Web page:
WOODBRIDGE – The 22 boys and 22 girls bowling teams that converged on Majestic Lanes on Saturday were hoping to take something home to put in their high school’s trophy cases.
Giving, however, is much more in the spirit of the Marisa Tufaro Classic.
The bowlers, parents, coaches and fans brought new and unwrapped toys to be donated to Robert Wood Johnson University Hospital’s Bristol-Myers Children’s Hospital in New Brunswick.
Puzzles, games, action figures, books, basketballs and more were collected as everyone arrived Saturday morning.
The back room looked like a toy store, with all manner of footballs, dolls, race cars and dump trucks piled high on tables.
This bowling tournament is a fitting way to honor the memory of Marisa, the daughter of Cyindi, an Edison elementary school principal, and Greg, a sportswriter. They founded The Marisa Tufaro Foundation in loving memory of their daughter after she passed away on Jan. 30, 2017.
Marisa is the inspiration behind the season-opening tournament. She was born with a heart defect that prevented her from taking part in some physical activities, but bowling wasn’t one of them. In fact, she loved the sport.
Saturday’s event served not only as a fundraiser for their nonprofit, but as a toy drive for pediatric patients at the hospital.
With the upcoming holidays as the backdrop to the Marisa Tufaro Classic, you could see why it was an emotional day and you could understand why the bowling teams that came from as far north as Bergen Tech and from as far south as Howell were so generous on Saturday.
“Especially around the holiday season, you want to look out for people who maybe went through some adversity in their life,” said Carteret girls bowling coach Nick Panos. “This tournament personifies the holiday season. You have a packed house always. Our Carteret Bowling Club made a donation (to the Marisa Tufaro Foundation) last year, and we’re going to do that again this year. That’s the most important part of today is the feel-good story around the holiday season. To win is the cherry on top.”
Panos’ team exacted a measure of revenge Saturday, sweeping a best-of-five final from tournament host Woodbridge (198-147, 166-148 and 194-159), which not only handed the Ramblers their lone regular-season defeat a year ago, but also edged them in a best-of-three series to win the conference tournament title last season.
In the boys division, Jackson Liberty overcame some adversity to win. The Lions rallied in the final game of qualifying to finish four pins ahead of Woodbridge to edge the host and two-time defending state titlists for the fourth and final spot in the championship round. In the finals, Jackson Liberty dropped its first two games to second-seeded Linden before regaining the form that enabled the team to capture the first Tournament of Champions title in any sport in school history a year ago.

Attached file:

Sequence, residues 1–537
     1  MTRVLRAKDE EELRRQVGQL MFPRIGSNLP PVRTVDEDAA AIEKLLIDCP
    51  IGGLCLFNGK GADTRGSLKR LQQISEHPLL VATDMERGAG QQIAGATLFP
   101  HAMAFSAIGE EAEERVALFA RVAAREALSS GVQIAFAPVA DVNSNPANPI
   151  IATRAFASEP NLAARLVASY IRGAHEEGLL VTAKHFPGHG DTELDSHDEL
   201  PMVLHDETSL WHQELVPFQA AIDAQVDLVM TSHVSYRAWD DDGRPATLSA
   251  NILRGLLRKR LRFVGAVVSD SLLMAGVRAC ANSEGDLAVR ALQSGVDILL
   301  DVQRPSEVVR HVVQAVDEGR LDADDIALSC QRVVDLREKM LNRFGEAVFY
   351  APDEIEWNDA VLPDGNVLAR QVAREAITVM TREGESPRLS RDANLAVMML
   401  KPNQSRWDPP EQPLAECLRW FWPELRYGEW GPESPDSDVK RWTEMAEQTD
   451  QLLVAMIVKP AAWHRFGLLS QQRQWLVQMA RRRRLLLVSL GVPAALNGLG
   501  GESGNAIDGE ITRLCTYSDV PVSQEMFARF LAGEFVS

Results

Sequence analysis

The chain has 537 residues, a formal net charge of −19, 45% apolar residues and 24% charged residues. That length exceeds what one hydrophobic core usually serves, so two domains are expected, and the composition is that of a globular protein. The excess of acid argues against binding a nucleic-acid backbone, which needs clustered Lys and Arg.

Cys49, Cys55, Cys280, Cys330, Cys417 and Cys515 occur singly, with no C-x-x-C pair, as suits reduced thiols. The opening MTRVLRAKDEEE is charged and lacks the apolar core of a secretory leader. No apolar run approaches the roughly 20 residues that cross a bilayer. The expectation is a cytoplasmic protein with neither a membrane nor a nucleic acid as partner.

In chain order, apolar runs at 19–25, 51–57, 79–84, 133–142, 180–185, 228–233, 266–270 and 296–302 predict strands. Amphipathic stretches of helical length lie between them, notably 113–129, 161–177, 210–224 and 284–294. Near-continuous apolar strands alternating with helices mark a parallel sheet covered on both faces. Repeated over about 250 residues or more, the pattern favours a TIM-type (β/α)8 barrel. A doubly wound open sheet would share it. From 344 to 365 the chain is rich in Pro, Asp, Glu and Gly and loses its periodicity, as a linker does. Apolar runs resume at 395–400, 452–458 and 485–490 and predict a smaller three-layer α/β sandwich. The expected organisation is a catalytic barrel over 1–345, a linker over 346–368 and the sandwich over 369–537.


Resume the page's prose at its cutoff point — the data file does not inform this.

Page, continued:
The biggest winners on Saturday, however, were the children who will benefit from the donations to the Marisa Tufaro Foundation.
Established just over two years ago, The Marisa Tufaro Foundation has already made a profound impact, donating more than $100,000 and spearheading multiple community initiatives to fulfill its mission of helping pediatric patients and other children in need throughout the greater Middlesex County area.
The nonprofit has also donated thousands of toys, nonperishable food items, winter jackets, baby supplies and other items upon which it has placed no monetary value.
In addition, the nonprofit awards college scholarship dollars to exceptional high school students who advance its mission, and provides elementary and middle school students with scholarships to attend a weeklong summer camp at Rutgers University’s Zimmerli Art Museum.
Marisa Tufaro, who would have been a junior this year at Edison High School, was born with a complex cardiac defect that required six open-heart surgeries. Despite being hospitalized for more than two years and maintaining hundreds of doctor’s appointments, she lived a vibrant life that inspired. After her sixth surgery, Marisa developed two life-threatening conditions that necessitated a heart transplant. A postoperative complication developed into a rare form of cancer that riddled her brain and body. Marisa succumbed to her illness at just 13 years old.
The donated toys will be available for distribution, not only during the holiday season, but throughout the year, to meet the needs of pediatric patients, all of whom can benefit at any time from a diversion to help cope with the stress and pain that can accompany treatments, medical procedures and extended admissions.
Parents of hospitalized children, some of whom are overwhelmed with medical bills and other related costs, may not be able to afford presents, or are so consumed with caring for their ill child that shopping, even online, is not a possibility or a priority.
Greg and Cyndi helped organize the bowling event along with tournament director/Woodbridge High School head coach Amanda Small. They greeted bowlers and bowling coaches, helped collect the toy donations, handed out awards and were gracious hosts for the day of bowling they say Marisa would have loved. After all, she would ask them to take her to Stelton Lanes in Piscataway and Milford Lanes during family vacations in Delaware.
The Tufaros penned a heartfelt thank you letter on the foundation’s Facebook page.
“We hope your benevolence is returned exponentially and that you have a happy and healthy holiday season,” it read.